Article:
As creatures of habit, humans are wired to look for patterns everywhere and aerial views of landscapes create some of the most arresting. It’s the appeal of the window seat, of helicopter rides, of flying drones. The most populous continent provides a new perspective from up high.
Unsurprisingly, man-made patterns are some of the most intriguing. In Vietnam, women fan bunches of incense sticks to dry in the sunshine like blooming flowers. Made from bamboo and coated in plant products and herbs to create scent, incense is used in spiritual practice in cultures all across Asia and beyond, the wafting scent perfuming temples, pagodas, homes and shops.
Yuanyang, Yunnan, China
The Honghe Hani Rice Terraces, a spectacular system of layers created by the Hani people that cascade down the Ailao Mountains, covers about 16,000ha in southwestern China. An UNESCO World Heritage Site, there are more than 3,000 terraces between the forest and the valley, creating a complex farming system that supports not only crops of red rice, but also buffalo, cattle, ducks, fish and eels.
South Kalimantan, Borneo, Indonesia
Waterways have long been a lifesource for people throughout Southeast Asia’s low-lying regions with floating markets such as Lok Baintan, on the Martapura River in Borneo, an important sign of the social and commercial health of a community. While rivers were once the sole connection between communities, the advent of modern technology and the development of shopping malls and land-based transport challenge these river-based markets and their communities.
Lok Baintain market is run by women aged over 35 and, while it still serves the local community, it has increasingly become a tourist destination. The younger generation may be reluctant to shop at floating markets, but after witnessing the disappearance of similar markets in surrounding areas, these local women have adapted their trade to offer not only fresh produce, but traditional meals and even locally made souvenirs for overseas visitors.
Chifeng City, Inner Mongolia, China
Dictated by a vast, arid landscape that borders the Gobi Desert, Inner Mongolia is a mostly rural, autonomous region of the People’s Republic of China. Situated in the country’s north, bordering Mongolia and Russia, animal grazing is the main agricultural economy, while the harsh climate and low precipitation restrict intensive agriculture. Much of the rest of the region is covered by virgin forests, such as these larch trees, which turn a deep golden colour in the autumn before losing their leaves during winter.
Most of us live in a world where time is as valuable as money and items are often disposable. For small fishing villages in Vietnam, where money is scarce but time is in abundance, simple acts such as repairing a fishing net by hand is a way of life. It may take hours, days even, but this is a part of the traditional fishing methods used by villagers along the Vietnamese coastline and in the mighty Mekong Delta.
Wagasa are synonymous with Japan, despite the design originating in China before spreading across Asia. Made from bamboo, paper and sesame oil for waterproofing, the umbrellas are mostly used for traditional dances and outdoor ceremonies; craftsman often adorning them with detailed drawings and motifs. They are so much a part of Japanese culture, there are even spirits, known as karakasa-obake, said to appear from the wagasa.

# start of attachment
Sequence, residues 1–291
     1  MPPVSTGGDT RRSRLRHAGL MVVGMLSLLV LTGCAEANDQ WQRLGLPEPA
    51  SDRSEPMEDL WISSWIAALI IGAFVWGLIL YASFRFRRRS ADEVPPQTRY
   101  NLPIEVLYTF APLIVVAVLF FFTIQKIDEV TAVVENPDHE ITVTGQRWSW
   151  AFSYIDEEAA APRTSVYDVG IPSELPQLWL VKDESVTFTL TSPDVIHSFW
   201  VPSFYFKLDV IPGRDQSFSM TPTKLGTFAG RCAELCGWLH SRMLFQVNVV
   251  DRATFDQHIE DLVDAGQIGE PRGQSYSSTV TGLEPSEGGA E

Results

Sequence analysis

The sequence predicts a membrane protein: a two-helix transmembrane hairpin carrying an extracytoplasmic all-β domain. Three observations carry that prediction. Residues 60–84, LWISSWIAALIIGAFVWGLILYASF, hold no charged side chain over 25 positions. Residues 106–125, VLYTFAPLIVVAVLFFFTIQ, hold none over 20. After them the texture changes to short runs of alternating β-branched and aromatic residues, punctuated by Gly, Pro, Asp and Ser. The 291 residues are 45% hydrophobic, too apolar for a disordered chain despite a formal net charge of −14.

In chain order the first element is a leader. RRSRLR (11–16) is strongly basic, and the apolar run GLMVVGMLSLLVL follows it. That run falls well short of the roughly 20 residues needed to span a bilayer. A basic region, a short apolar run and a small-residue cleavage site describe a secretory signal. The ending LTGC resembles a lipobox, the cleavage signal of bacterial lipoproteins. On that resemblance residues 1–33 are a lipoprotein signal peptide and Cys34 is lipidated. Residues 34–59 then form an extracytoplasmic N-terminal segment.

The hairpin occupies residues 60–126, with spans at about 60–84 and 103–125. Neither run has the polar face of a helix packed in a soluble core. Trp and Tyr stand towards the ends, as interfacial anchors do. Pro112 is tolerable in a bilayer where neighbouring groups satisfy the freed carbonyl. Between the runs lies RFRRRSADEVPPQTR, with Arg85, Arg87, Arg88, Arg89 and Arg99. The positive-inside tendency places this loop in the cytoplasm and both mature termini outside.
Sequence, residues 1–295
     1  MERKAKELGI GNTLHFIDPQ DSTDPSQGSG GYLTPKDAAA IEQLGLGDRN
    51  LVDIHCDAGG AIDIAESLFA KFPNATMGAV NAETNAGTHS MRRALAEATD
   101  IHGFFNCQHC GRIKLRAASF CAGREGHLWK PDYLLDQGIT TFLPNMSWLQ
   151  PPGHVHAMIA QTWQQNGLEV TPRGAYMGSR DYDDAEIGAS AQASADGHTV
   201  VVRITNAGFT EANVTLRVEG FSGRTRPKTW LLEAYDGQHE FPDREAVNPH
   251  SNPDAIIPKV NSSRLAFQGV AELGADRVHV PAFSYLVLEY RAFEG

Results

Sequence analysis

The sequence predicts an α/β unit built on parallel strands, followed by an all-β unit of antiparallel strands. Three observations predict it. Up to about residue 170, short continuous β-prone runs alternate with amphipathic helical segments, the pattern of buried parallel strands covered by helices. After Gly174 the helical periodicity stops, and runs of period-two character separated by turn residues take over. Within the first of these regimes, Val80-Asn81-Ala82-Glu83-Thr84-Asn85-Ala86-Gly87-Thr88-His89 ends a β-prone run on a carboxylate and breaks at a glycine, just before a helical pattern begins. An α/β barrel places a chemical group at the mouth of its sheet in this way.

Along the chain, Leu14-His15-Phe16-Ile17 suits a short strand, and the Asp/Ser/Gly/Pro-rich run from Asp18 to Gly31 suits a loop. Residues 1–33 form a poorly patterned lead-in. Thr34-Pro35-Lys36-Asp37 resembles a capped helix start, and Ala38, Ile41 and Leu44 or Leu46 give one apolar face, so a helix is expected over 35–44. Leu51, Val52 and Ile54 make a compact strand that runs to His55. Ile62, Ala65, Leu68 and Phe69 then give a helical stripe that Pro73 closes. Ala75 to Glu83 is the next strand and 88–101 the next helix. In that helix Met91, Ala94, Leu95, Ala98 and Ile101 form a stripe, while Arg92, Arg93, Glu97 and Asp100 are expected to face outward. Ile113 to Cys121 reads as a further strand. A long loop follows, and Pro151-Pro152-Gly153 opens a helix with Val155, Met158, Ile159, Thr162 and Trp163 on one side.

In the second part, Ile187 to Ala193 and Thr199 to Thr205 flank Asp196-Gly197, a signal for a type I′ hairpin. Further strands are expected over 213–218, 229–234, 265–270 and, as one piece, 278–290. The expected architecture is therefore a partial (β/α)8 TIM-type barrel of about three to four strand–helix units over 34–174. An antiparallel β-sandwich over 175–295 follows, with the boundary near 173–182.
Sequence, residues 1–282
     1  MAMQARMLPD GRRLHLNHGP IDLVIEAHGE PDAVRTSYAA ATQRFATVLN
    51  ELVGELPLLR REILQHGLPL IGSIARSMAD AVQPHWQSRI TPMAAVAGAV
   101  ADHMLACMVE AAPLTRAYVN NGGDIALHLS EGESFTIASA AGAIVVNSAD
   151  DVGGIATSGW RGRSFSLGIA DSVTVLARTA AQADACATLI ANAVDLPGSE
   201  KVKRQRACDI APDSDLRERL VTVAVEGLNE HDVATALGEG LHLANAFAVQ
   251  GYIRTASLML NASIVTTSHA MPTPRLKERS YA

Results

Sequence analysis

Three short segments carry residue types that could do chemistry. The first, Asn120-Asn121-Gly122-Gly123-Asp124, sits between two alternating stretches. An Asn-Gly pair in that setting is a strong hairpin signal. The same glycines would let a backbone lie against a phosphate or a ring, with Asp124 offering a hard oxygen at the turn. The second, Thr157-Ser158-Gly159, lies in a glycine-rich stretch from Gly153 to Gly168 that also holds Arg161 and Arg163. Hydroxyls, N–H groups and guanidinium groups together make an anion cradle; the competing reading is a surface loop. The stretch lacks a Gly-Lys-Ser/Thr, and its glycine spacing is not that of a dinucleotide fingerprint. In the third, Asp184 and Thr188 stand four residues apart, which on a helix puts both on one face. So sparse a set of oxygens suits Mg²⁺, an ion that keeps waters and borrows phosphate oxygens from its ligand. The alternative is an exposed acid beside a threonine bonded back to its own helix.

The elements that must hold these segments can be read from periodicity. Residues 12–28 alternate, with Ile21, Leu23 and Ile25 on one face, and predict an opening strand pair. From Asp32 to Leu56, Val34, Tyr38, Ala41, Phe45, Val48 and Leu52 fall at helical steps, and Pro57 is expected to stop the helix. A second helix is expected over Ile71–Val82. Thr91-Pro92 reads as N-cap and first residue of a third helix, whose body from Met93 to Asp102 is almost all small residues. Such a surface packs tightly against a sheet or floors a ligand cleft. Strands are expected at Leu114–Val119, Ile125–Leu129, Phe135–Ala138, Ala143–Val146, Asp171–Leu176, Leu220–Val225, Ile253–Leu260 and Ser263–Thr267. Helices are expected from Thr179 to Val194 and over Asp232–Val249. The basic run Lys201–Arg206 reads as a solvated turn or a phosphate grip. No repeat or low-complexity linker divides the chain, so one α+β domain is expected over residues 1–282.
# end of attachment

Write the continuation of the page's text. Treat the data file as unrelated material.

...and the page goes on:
Kuala Lumpur, Malaysia
It may have only opened in 2000, however the Federal Territory Mosque (Majid Wilayah Persykutuan) in Kuala Lumpur is a distinct blend of Ottoman and Malay architecture, heavily inspired by the Blue Mosque in Istanbul. Covering a 5ha site, its 22 domes stand above the huge main prayer hall that can accommodate up to 17,000 worshippers at a time.
Jodhpur, Rajasthan, India
Walking through the patchwork maze of Jodhpur’s old city, where breezes tunnel along shaded streets and buildings are painted the blue shade the city is famous for, it’s easy to forget you’re in the middle of a desert. Like some cities in sultry Morocco, houses in Jodhpur are painted blue – a cool hue against the heat of the Thar Desert. In contrast to the sea of blue buildings below, the earth-coloured 15th-century Mehrangarh Fort, now a museum, towers over the city on a rocky outcrop.
Surat Thani, Thailand
No artist creates an image quite like Mother Nature. With the vibrant blue waters cutting a serpentine shape through the verdant green of the rainforest, Khao Sok National Park in Thailand is one of her best works of art. Khao Sok is quite literally an adventure lover’s paradise, and can be explored by hiking, rafting, canoeing or kayaking. The national park is home to dense virgin rainforests and a number of rare native species, including tigers, gibbons and hornbill birds.
Siem Reap, Cambodia
Iconic for its grand scale and elegant detail, Angkor Wat is the world’s largest religious monument, covering 162ha. Dating back to the 9th century, the temple complex was first a monument to the Hindu god Vishnu, then transformed into a Buddhist wat (temple) in the 12th century. Angkor Wat is just one of more than 1,000 temples in the area that was originally the city of Angkor, thought to be the largest pre-industrial city in the world.
This article originally appeared in Travel ideas: Asia, now available in store and to read online.